House prices 'wilted in spring' says Halifax
House prices have been falling in spring, according to the Halifax, but the lender is expecting a stabilisation in prices later in the year.
The value of the average home rose by 0.1% from April to May, to £160,519.
But prices were 4.2% lower than the same period a year ago - the biggest annual drop since October 2009.
The Halifax, now part of Lloyds Banking Group, said a moderate improvement in the economy and low interest rates would help the market.
The annual change is based on average prices during the three months to the end of May, compared with the same three-month period of the previous year.
When comparing to prices in the three months to the end of May with the previous three months, there was a 1.2% drop, the Halifax said in its latest house price index report.
"House prices continue to drift modestly downwards," said Halifax chief economist Martin Ellis.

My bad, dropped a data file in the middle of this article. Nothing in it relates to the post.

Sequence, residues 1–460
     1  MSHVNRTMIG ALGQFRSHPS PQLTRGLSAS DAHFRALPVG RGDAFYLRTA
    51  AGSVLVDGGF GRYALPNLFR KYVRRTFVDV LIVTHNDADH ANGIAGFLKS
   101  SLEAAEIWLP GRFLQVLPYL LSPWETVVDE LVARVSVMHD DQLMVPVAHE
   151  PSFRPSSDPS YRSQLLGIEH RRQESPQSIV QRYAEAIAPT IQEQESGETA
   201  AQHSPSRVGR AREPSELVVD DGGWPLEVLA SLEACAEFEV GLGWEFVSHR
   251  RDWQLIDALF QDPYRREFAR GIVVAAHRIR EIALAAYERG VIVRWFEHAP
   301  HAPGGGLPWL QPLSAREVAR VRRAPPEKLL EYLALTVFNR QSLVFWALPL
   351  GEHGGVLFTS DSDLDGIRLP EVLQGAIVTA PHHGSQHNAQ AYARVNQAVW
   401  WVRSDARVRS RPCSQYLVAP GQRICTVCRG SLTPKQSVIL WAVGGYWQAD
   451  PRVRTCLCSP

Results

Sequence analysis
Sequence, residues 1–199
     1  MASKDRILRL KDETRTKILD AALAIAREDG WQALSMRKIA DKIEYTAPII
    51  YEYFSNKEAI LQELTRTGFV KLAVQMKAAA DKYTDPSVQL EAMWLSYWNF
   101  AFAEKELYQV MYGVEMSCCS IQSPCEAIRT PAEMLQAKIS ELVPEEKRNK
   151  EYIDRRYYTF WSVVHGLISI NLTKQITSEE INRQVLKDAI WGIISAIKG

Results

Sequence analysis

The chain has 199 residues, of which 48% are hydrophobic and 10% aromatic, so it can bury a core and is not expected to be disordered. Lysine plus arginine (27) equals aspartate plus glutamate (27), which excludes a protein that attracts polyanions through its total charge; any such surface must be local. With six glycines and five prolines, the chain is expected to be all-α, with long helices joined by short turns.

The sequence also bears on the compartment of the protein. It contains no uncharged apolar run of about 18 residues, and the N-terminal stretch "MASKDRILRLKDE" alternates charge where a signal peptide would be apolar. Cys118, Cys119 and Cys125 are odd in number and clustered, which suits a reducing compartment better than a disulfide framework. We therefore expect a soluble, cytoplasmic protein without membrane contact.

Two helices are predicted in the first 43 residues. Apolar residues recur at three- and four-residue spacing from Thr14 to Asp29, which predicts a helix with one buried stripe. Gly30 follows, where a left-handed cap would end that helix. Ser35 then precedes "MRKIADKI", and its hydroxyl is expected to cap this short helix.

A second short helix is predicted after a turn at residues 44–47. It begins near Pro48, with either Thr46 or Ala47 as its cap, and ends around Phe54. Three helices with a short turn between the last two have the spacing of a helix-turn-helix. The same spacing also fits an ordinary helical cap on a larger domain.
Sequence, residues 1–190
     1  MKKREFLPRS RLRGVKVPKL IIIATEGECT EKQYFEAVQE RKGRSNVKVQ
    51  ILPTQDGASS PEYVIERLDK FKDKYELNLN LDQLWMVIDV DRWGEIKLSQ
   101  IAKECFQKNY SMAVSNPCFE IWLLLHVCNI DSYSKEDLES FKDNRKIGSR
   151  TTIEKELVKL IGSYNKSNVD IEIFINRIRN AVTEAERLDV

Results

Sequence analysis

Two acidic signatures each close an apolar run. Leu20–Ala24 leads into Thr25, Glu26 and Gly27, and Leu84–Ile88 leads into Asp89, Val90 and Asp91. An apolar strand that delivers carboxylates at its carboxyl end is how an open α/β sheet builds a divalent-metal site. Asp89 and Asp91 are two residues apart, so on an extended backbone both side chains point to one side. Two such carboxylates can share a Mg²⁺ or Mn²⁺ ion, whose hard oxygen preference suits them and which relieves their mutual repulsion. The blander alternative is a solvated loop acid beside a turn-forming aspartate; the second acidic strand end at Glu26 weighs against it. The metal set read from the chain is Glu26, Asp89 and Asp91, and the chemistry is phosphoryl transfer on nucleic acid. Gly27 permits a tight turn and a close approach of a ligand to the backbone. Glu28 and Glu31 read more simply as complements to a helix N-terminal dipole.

"Low earnings growth, higher taxes and relatively high inflation are all putting pressure on household finances.
"Confidence is also weak as a result of uncertainty about the economic and employment outlook. These factors are probably constraining housing demand and applying some downward pressure on prices."
A separate survey by the British Retail Consortium (BRC) suggested that consumer spending in the shops dropped in May compared with a year earlier.
The Halifax survey mirrors other house price data, which has shown a stagnation in the housing market for some months.
The Nationwide, recording a 1.2% annual drop in property values, said the housing market was reflecting the "lacklustre" state of the economy.
The Land Registry also recorded falling prices in England and Wales, although it noted some distinct regional variations.
In London, prices were up 5% in the year to April, according to the Land Registry, whereas prices in the north-east of England fell by 8% over the same period.
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